Choc and awe! The very Jewish history of chocolate revealed…
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Choc and awe! The very Jewish history of chocolate revealed…

A charity recipe explores how Jewish traders played a crucial role in introducing this beloved confectionary around the globe

Alex Galbinski is a Jewish News journalist

Chocolate (Photo by Tetiana Bykovets on Unsplash)
Chocolate (Photo by Tetiana Bykovets on Unsplash)

Think about chocolate and the usual associations that spring to mind are the Maya and the Aztecs, the French and the Swiss – but not the Jews. 

Now a new recipe book is keen to highlight how Jewish traders played a crucial role in helping introduce chocolate to many countries around the world. 

Babka, Boulou & Blintzes: Jewish Chocolate Recipes from around the World by Michael Leventhal sets the story of this most beloved confectionary more than 5,000 years ago, with the Maya, who dried and ground cocoa beans, mixing them with water to create a hot, frothy chocolate drink.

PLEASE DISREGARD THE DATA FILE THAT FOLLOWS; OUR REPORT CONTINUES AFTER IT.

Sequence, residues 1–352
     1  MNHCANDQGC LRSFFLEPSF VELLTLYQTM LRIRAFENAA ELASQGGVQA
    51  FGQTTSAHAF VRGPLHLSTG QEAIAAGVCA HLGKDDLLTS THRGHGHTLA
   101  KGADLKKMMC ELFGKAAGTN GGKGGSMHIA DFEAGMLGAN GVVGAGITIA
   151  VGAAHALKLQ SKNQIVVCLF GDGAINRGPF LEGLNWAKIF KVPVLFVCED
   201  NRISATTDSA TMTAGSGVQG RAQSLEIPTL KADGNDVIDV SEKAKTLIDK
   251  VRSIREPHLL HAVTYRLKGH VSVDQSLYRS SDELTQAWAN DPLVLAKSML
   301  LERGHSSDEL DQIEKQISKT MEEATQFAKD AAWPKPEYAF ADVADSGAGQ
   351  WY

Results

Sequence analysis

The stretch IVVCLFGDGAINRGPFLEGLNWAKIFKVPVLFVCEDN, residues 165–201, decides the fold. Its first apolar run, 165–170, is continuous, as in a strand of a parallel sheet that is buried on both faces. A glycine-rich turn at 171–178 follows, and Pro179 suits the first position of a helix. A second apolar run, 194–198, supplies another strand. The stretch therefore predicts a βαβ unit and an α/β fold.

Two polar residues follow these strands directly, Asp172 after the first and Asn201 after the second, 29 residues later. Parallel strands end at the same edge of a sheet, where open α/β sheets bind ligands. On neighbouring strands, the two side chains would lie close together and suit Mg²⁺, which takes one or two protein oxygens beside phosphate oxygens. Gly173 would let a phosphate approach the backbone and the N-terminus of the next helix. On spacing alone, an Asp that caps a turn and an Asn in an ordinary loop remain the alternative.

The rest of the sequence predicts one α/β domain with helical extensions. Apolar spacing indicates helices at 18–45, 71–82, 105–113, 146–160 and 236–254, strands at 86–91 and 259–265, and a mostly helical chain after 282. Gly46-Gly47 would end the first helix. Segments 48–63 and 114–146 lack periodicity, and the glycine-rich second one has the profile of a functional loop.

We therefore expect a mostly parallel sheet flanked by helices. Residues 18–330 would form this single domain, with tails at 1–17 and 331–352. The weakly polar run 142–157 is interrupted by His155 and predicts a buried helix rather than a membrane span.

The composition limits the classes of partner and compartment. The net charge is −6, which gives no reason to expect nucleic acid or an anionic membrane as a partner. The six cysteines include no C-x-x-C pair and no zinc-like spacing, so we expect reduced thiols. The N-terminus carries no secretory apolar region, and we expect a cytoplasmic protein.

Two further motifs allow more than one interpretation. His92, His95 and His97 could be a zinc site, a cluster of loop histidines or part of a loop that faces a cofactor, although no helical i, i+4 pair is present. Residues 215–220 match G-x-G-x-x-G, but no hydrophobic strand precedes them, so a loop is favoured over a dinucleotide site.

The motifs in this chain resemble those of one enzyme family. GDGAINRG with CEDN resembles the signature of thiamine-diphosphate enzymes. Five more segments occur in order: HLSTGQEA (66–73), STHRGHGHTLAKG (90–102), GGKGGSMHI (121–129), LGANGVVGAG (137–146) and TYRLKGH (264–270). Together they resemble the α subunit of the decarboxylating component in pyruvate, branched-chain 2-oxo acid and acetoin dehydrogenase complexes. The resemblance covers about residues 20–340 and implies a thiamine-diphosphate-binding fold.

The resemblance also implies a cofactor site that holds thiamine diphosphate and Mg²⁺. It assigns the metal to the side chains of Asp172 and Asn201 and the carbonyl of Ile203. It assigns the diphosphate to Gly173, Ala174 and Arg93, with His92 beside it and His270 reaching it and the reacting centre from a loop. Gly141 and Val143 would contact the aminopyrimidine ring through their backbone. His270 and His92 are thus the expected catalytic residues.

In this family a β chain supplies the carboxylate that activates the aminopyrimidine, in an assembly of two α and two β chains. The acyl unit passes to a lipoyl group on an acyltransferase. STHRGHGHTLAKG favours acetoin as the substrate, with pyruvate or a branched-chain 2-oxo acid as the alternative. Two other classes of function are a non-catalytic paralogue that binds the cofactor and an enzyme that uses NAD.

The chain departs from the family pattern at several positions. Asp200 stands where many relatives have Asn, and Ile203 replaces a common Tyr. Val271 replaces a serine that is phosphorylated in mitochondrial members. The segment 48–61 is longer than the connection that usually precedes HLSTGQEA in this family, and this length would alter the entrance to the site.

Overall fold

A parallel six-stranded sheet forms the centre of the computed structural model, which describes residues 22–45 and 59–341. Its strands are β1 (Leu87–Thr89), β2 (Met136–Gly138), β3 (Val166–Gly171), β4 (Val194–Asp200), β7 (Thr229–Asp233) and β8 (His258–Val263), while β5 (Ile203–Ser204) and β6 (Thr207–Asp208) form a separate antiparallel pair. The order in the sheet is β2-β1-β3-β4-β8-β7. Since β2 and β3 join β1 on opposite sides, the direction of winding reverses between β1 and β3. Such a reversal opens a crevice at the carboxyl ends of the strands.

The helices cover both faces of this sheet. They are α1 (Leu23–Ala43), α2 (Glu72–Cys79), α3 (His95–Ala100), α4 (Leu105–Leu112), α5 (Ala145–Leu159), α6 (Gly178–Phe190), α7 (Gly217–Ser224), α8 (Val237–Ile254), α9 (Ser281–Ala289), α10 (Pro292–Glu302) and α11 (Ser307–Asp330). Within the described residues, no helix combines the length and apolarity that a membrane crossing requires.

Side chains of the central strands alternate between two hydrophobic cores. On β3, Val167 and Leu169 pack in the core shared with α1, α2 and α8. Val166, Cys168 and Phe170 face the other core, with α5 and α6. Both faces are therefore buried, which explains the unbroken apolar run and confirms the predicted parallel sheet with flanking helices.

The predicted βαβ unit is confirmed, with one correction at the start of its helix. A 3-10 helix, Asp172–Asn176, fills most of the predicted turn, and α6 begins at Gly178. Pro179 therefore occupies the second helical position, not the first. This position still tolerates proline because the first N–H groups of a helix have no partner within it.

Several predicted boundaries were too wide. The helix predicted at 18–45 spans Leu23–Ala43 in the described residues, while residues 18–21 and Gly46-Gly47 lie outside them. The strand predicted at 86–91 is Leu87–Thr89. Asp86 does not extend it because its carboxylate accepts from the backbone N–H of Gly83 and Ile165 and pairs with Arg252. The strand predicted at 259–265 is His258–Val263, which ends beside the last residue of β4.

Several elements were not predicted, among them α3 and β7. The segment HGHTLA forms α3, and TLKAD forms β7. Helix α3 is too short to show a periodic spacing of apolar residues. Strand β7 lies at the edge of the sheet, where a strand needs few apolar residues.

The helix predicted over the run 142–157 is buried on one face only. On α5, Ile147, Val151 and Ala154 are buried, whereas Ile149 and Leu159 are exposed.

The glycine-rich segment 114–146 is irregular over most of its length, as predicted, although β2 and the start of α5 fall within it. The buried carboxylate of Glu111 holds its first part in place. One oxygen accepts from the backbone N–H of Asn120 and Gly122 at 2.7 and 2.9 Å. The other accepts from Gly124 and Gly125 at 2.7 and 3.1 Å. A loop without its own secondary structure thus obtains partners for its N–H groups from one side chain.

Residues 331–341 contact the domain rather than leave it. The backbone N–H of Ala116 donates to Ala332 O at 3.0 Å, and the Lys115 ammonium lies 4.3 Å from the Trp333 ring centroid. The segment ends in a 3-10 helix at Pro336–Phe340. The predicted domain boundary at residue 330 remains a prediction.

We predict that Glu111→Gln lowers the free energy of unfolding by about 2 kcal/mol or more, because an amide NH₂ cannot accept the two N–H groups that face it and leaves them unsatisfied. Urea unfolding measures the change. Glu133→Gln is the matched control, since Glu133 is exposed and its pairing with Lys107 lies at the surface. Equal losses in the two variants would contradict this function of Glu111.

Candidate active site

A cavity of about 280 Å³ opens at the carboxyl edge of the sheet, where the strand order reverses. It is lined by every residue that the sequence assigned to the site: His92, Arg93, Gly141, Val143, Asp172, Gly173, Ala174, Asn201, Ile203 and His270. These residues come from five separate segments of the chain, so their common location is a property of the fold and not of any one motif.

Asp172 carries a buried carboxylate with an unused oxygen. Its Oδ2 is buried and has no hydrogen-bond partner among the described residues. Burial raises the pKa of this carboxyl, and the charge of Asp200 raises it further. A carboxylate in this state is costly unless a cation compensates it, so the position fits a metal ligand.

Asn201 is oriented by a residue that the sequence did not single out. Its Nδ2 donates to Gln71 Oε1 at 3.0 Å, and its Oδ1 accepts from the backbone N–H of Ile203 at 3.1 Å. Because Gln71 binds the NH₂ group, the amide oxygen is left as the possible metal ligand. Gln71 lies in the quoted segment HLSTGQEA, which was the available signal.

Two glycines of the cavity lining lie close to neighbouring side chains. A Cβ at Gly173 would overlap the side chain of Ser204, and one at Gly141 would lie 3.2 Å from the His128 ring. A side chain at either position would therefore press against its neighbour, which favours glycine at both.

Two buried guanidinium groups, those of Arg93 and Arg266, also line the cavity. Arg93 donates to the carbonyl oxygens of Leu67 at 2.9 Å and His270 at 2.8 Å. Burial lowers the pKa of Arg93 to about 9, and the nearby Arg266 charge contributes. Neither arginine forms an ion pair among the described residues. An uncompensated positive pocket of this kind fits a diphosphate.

The Aztecs after them believed chocolate was a precious gift from the gods. 

By the 1580s, Leventhal writes, regular imports of cocoa beans had begun after the Spanish had worked out how to convert the pods into a tasty drink. 

“It was now that Jewish traders in Spain started playing a key role in the creation and expansion of the chocolate market. 

Michael Leventhal

“At the time, they were blocked from numerous occupations as a result of widespread antisemitic prejudice: the chocolate business was something the Jews were permitted to do so they embraced it.” 

From there, chocolate was introduced to the southern French town of Bayonne in the early 1600s by Jews who had fled Spain during the Inquisition. 

Leventhal says that just as you can trace the movement of the Jewish community through aubergines, “equally, you can tell the story of Jewish emigration through chocolate”. 

He tells me: “As they travelled, they took with them different things, including cocoa beans and the knowledge of how to make chocolate.”

The book contains sprinklings of facts, including that Europeans were introduced to chocolate in 1502.